I had heard that in many Asian countries there was no tenant improvement allowance in commercial buildings. Leases are relatively short (often 3 years) but tenants tend to stay if the landlord keeps rents reasonable, since the tenants effectively own an immoveable piece of the asset.
I discovered that in Hong Kong, subsidized housing works the same way. Thirty percent of the population lives in government subsidized housing–“Housing Estates”– as they are called. These units are rented out as bare shells.
Once a family is assigned to a unit, they can’t switch for another one unless their circumstances change dramatically. For instance, since the Hong Kong region is fairly compact and well-connected by rail, change of job doesn’t seem to be a reason to move.
As a result, many people stay in the unit they were first assigned for the rest of thier lives. This, combined with their investment in flooring, cabinetry, appliances, light fixtures and air-conditioning units tends to make them much more connected to their vertical community than what we are able to acheive in many of our subsidized housing projects in the United States.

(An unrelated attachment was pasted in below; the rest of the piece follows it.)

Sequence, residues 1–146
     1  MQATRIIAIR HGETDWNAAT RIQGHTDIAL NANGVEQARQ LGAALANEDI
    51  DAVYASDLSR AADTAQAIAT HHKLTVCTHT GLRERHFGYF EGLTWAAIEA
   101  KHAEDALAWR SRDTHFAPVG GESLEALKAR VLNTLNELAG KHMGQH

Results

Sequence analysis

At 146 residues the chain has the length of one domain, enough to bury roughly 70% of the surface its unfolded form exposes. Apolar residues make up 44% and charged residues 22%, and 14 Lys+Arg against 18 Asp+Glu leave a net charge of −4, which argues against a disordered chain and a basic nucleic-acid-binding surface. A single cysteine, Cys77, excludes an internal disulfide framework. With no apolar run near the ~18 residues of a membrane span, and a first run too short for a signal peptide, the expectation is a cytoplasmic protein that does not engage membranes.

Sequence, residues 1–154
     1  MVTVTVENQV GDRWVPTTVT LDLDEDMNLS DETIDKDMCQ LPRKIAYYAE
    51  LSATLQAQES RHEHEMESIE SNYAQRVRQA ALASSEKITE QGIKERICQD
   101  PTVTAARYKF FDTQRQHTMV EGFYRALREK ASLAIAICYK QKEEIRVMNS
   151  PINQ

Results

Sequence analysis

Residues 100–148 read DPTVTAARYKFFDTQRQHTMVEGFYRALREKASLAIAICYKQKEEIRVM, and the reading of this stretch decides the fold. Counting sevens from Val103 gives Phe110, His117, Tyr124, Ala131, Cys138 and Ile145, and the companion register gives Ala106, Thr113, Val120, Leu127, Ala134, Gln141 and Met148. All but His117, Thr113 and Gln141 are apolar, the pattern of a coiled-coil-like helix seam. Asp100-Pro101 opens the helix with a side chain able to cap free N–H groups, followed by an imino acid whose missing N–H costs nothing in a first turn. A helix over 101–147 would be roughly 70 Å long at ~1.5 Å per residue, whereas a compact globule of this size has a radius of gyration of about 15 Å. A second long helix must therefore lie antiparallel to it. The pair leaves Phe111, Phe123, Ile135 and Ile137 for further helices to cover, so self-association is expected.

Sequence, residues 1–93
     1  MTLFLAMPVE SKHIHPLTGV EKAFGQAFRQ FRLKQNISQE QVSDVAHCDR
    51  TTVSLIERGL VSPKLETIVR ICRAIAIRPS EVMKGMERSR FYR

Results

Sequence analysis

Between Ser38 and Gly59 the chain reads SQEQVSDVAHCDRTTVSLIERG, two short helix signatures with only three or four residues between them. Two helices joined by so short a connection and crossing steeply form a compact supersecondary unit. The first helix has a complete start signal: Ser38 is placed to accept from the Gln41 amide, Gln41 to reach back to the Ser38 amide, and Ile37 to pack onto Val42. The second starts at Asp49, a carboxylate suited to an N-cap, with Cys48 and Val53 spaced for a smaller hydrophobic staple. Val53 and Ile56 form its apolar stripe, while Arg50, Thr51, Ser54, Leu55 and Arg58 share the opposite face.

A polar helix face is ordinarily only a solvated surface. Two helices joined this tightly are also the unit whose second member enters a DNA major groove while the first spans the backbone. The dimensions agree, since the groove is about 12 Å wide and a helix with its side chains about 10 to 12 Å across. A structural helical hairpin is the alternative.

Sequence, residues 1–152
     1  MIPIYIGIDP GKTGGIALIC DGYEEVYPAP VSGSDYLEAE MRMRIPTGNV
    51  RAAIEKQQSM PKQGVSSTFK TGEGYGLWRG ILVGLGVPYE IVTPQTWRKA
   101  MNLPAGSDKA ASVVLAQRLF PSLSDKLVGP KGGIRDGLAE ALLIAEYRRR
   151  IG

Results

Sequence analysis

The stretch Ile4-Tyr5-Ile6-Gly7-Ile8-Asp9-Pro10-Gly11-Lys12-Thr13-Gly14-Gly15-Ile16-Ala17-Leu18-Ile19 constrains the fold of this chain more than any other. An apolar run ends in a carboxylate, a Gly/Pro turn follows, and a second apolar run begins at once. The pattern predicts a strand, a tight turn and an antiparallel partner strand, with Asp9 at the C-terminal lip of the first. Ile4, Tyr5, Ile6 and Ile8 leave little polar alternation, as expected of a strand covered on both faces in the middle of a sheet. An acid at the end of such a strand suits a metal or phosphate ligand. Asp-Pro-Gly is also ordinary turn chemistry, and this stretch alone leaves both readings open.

Further, because the units are let as bare concrete boxes with only as skim coat of plaster (and plumbing conduit running on the outside of the building), the units are less prone to damage and can be more easily cleaned up when a tenant changes over. When I think of the degradation of finishes in may affordable housing projects at home, and the cost created by trying to make them indistructable, the “shell only” model seems like a brilliant solution.
Give people a box with running water, a toilet and a sink. Let them customize it, and let them own the insides. In the end, this is a tremendous lever to allign tentants in a fundamental way with their landlords in success of the asset and of the community as a whole.